Screening for sickle cell and beta thalassaemia

Explaining genetics and risk

One of the first tasks in counselling people who discover they are or their baby is a carrier is to explain the difference between being a carrier and having the condition. Many people are worried at first that they or the baby will be seriously ill and need reassurance that this is not so.

Having reassured people that being a carrier does not make them ill, a key task for professionals is to explain how recessive conditions such as sickle cell disorders and beta thalassaemia major are inherited and what the risks are of having a baby affected by the condition. Most people we talked to felt they had been given very good counselling to help them understand how the genes are passed on, and particularly valued the use of drawings or diagrams to demonstrate inheritance.

However, some people's responses showed that they had misremembered some information or had added their own meanings or interpretations. For example, one person identified the risk of two carriers having an affected child as 1 in 10 rather than 1 in 4, and several people who knew they were carriers used expressions such as 'I've got thalassaemia but it's not major'. One mother believed that having CVS in one pregnancy had, in some way, caused her daughter's beta thalassaemia major' 'She is like this because of that [CVS]… I think the needles that they put inside, or the sample they take, they take some flesh or something, I don't know.' Other examples included:

'I thought she [daughter who is a beta thalassaemia carrier] will have less blood from one side, maybe that's why she doesn't eat.'

'[Beta thalassaemia] is like a blood condition, like it happens in our Pakistan because of dirt, because of disease, that's why there is thalassaemia. Some people catch it.'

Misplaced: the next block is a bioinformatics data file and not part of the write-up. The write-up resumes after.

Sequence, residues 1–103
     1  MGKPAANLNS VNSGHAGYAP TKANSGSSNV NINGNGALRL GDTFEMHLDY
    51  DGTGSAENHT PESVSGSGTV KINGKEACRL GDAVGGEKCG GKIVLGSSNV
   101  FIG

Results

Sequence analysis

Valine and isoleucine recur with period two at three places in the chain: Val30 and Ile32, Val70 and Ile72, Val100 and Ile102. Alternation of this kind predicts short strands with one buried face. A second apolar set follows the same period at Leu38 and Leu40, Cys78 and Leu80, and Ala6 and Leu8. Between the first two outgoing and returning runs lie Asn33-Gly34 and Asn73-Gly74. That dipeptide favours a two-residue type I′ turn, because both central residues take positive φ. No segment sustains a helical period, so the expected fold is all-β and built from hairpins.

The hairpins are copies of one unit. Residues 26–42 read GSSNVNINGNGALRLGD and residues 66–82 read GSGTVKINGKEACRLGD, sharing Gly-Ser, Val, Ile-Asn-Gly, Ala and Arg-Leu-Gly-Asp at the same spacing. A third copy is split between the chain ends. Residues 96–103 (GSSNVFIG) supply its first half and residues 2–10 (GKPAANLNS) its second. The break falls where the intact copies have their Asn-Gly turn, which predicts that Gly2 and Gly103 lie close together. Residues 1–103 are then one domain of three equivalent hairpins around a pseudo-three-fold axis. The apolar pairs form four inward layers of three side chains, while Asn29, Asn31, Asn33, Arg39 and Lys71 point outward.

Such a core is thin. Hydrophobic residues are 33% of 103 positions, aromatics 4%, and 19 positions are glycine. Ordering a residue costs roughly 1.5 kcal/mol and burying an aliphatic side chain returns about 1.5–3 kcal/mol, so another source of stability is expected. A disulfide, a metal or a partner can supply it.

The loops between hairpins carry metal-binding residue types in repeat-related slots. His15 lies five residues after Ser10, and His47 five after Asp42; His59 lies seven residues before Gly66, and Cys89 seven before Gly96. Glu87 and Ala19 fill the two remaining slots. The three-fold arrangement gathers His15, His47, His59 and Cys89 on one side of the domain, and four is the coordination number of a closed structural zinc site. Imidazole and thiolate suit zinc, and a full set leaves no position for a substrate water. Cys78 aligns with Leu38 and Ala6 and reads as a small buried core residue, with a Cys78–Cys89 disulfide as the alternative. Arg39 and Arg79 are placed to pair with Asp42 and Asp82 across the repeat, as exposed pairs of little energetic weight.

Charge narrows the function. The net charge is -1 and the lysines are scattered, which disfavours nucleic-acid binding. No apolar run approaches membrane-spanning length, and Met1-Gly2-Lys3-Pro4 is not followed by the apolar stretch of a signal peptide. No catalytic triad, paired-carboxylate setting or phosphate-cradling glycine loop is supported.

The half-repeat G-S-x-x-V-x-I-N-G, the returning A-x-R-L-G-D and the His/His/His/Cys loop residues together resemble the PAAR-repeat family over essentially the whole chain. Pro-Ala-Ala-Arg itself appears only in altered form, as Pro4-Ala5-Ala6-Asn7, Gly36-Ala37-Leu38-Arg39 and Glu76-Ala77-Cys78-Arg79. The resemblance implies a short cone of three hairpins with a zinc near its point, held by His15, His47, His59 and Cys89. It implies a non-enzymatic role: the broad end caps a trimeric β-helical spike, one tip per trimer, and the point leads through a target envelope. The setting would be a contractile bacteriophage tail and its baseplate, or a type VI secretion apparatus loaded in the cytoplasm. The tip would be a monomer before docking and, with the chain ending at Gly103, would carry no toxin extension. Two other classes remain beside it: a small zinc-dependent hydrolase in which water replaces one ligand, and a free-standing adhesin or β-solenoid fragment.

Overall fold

'We understood that one of us had got bad blood, as such, and one of us had got good blood.' 

'Normal blood cells are round, aren't they? Whereas sickle cell blood cells are spiky. So that hurts as it's going round your blood system.'

The National Screening Programme recommends avoiding use of the word 'trait' (meaning 'genetic characteristic') to describe carrier status but many people interviewed were using it. A particular problem is that 'trait' sometimes becomes confused with the word 'trace', giving people a misleading impression that it is something minor or insignificant. One woman explained she had been led to believe the presence of haemoglobin S was not permanent. The family thought that she couldn't be a sickle cell carrier because she was always getting malaria as a child, and being a carrier is thought to be protective against severe malarial infection, particularly in childhood. (However, carriers are still at some risk of malaria infection). 

It may help some parents to be told that being a carrier does have some health advantages. As well as protection against malaria, there is some evidence that being a beta thalassaemia carrier reduces the risk of coronary heart disease.

Understanding recessive inheritance is an important part of explaining why partner screening is recommended. Again, making it clear that carriers have no obvious symptoms and will not know whether they are carriers unless they are tested is essential. 

It is also important to explain that white people can also be carriers. Two black women with white partners had not been aware of this.

If both parents are found to be carriers, they will need counselling on the chances of having a baby with the condition or a baby who is also a carrier or unaffected and on the fact that the chances remain the same in each pregnancy. Explaining in practice what risks of 1 in 4 or 1 in 2 mean can be difficult, and each individual will make different personal assessments. One mother with SC disorder described her optimistic outlook, comparing her 1 in 4 risk of having a baby with sickle cell anaemia to the risk of being knocked down by a car (which is in fact many times lower). 

By contrast a man whose sister had died of beta thalassaemia major regarded it as unacceptable and even irresponsible to run a risk of 1 in 4 of having a baby with the condition.

Last reviewed December 2018.


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